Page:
As you are well aware, data privacy has been high on the radar of the American public in the wake of the National Security Agency disclosures. An echo of that concern has been ricocheting around the education world, as well, with some people worrying about how the two federally funded assessment consortia will gather and use student data as their member states administer tests to the vast majority of K-12 students in the country.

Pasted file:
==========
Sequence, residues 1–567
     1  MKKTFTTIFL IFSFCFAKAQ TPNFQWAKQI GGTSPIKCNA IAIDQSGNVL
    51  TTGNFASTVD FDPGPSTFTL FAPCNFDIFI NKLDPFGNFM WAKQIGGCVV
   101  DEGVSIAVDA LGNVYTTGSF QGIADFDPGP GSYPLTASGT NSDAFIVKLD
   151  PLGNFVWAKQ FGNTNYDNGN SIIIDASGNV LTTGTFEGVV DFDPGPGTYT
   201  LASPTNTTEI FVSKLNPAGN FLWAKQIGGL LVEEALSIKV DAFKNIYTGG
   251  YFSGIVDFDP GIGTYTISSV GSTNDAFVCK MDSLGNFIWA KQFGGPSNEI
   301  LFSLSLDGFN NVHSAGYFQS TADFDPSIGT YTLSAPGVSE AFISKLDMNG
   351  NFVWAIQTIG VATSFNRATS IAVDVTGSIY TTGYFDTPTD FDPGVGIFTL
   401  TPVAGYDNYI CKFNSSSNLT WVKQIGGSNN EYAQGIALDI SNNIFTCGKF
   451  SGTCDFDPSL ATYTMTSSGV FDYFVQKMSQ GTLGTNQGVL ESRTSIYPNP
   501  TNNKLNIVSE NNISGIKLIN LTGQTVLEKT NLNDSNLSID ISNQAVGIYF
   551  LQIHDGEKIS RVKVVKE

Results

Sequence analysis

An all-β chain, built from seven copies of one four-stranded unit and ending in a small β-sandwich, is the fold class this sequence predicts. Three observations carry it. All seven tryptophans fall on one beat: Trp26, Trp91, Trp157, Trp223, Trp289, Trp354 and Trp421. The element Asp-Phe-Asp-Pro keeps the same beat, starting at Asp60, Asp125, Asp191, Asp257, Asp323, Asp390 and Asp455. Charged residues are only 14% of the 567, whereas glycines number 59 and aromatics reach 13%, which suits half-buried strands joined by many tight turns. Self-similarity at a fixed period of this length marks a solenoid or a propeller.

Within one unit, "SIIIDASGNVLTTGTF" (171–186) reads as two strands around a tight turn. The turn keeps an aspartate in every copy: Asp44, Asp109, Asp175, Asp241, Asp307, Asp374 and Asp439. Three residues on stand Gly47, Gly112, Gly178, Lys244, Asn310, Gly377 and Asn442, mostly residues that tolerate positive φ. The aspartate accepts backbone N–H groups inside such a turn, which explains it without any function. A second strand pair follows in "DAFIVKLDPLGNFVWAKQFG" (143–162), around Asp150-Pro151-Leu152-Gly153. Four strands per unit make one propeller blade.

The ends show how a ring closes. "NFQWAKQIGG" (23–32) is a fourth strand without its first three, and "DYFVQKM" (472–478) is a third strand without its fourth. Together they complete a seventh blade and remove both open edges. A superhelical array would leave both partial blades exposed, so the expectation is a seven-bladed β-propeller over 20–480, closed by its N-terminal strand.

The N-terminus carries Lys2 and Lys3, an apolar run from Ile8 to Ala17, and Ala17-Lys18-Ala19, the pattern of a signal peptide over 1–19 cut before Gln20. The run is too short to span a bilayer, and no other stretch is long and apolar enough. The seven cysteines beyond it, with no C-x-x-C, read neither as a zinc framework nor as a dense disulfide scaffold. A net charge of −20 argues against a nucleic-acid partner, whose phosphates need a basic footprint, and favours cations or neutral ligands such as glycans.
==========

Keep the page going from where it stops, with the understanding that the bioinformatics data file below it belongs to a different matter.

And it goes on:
"The key principle here is that states own the data, and will continue to own it," Willhoft told me in a phone call after the vote. "Smarter Balanced doesn't get the data from states and do whatever it wants to with it. Anything we do, we have to have states' permission to do."